‘Jury Duty’ Star James Marsden Calls Reality-Comedy Hybrid Series a “Live Theater, High-Wire Act”
Of all the films and TV shows James Marsden has worked on in his career, he admits that Freevee’s Jury Duty was the most terrifying.
The comedy series centers on Ronald Gladden, an unsuspecting everyman who believes he’s a subject in a documentary examining the ins and outs of the court system in the United States. What he doesn’t know, however, is that the case for which he was selected as a juror is completely fake — and all of the people involved, from his fellow jurors to the judge, lawyers, plaintiff and defendant, are actually actors.
One of those actors is Marsden, the sole performer who is open to Gladden about his job. But even Marsden is in on the ruse, playing a heightened version of himself — an entitled, egocentric Hollywood A-lister trying (and failing) to get out of his civic duty.
“This is unlike anything you’ve ever seen before,” Marsden, 49, tells THR, describing the comedy as “a live theater, high-wire act” that felt at times like “a four-week-long improv show.” The stakes were high from the beginning. “You get one take,” says Marsden. “If he sees a hidden camera, or someone calls somebody by the wrong name, the whole thing is upended. That was really exciting to me, just from the perspective of [wondering], ‘Can we pull this off?’ ”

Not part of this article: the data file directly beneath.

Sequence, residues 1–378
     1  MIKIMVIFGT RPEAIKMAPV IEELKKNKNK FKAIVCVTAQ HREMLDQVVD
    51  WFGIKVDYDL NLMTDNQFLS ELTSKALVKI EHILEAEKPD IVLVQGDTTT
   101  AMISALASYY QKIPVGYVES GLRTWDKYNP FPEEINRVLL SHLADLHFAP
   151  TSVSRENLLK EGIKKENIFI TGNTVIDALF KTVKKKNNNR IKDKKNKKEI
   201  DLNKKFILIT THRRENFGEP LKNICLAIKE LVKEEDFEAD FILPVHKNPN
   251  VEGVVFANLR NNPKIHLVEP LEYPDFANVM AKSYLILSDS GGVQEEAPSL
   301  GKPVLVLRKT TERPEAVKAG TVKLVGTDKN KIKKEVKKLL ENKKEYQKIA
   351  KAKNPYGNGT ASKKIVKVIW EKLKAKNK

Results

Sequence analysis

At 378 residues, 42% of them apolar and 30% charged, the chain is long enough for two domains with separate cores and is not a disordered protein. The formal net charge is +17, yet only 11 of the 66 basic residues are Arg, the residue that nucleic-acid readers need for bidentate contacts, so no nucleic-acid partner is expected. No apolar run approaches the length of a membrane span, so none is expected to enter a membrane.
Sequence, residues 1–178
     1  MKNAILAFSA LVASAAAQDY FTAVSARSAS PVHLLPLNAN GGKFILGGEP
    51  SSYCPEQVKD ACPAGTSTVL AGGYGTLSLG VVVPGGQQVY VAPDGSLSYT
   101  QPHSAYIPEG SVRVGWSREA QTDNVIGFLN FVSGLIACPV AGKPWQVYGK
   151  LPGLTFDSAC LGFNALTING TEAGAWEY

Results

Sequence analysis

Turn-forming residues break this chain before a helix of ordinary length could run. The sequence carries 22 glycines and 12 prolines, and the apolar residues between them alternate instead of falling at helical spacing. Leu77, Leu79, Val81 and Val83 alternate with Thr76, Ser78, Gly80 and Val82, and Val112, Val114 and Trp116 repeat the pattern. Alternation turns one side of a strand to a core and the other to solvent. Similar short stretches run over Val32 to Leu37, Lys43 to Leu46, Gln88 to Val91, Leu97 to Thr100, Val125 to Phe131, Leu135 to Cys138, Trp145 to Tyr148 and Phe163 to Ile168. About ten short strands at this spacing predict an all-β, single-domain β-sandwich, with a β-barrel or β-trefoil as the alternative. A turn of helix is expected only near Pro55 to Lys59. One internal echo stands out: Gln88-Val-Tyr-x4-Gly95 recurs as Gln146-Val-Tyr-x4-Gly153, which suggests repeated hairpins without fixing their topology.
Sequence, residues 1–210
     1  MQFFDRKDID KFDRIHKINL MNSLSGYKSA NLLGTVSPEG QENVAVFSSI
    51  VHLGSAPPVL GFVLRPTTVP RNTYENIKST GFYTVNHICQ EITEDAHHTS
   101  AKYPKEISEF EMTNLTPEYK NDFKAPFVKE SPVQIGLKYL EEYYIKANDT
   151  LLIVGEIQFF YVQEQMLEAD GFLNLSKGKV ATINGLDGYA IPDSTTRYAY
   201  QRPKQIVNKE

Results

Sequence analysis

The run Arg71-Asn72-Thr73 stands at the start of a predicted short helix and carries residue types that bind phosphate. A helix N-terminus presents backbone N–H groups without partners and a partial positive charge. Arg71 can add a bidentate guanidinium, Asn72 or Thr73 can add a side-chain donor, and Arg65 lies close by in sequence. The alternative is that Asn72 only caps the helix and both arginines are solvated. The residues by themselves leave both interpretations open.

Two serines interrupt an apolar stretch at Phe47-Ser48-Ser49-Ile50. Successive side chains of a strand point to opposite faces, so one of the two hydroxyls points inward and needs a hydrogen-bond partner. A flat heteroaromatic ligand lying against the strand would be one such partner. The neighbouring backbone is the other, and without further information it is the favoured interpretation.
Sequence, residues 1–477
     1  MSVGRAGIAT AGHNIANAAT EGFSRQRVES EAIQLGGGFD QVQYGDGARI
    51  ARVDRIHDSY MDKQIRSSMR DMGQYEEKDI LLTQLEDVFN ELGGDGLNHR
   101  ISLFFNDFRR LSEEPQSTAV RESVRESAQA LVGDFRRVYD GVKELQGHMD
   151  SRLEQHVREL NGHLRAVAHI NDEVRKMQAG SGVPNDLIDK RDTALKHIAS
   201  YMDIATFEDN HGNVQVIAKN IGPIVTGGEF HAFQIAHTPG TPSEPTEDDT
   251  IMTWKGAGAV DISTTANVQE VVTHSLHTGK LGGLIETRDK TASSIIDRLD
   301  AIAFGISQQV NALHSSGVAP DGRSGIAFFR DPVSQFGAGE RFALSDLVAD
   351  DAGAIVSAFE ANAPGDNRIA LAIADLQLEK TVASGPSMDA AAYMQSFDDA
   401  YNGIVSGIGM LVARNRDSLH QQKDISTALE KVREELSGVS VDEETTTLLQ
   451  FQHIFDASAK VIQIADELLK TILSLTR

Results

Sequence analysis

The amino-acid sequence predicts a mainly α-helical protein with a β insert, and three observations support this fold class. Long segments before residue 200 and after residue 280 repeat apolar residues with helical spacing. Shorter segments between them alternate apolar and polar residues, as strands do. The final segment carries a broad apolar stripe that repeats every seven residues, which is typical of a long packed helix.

The actor admits that he’s long wanted to do improvised comedy onscreen. “I love Christopher Guest’s This Is Spinal Tap and Waiting for Guffman,” says Marsden. “That kind of improvisational comedy where you have an outline, but a creative license to go in and play opposite people who can speak the same language. I was always looking for an opportunity like that.”
As production started, Marsden said his castmates and the crew slowly filled up Gladden’s “trust bank,” in which they spent hours filming court scenes “where we’re just listening to attorneys drone on.” Once it was clear that Gladden did believe everything was real and it was all being captured for a presumably uneventful documentary, that’s when everyone around him started to push the comedic moments. For Marsden, that meant pushing the limits of who he was as a public figure.
“It was so fun to play against the backdrop of one of the greatest equalizing experiences we have as Americans,” he says. “Nobody gives a shit who you are at jury duty — you’re just one of the rest of us.”
One great joy of the show is watching Marsden’s fellow jurors — all actors themselves — scoff at the celebrity’s self-importance. “He’s constantly trying to drop hints about what his next project is going to be, and no one cares,” says Marsden. “I’ve always loved playing that kind of buffoon, someone who thinks they’re the greatest thing in the world, and they’re not.” Likewise, Gladden himself initially didn’t recognize Marsden — and, once he did, poked fun at Marsden’s starring role in 2020’s Sonic the Hedgehog.
Once the truth was revealed to Gladden, Marsden dropped the facade — and the two have remained in touch after filming. “He said to me, ‘The fact that James Marsden was there made it more believable,’ ” says Marsden. “That was a nice compliment, that I anchored the believability: ‘I’m on jury duty with this actor, who’s kind of a prick.’ ”
Source: The Hollywood Reporter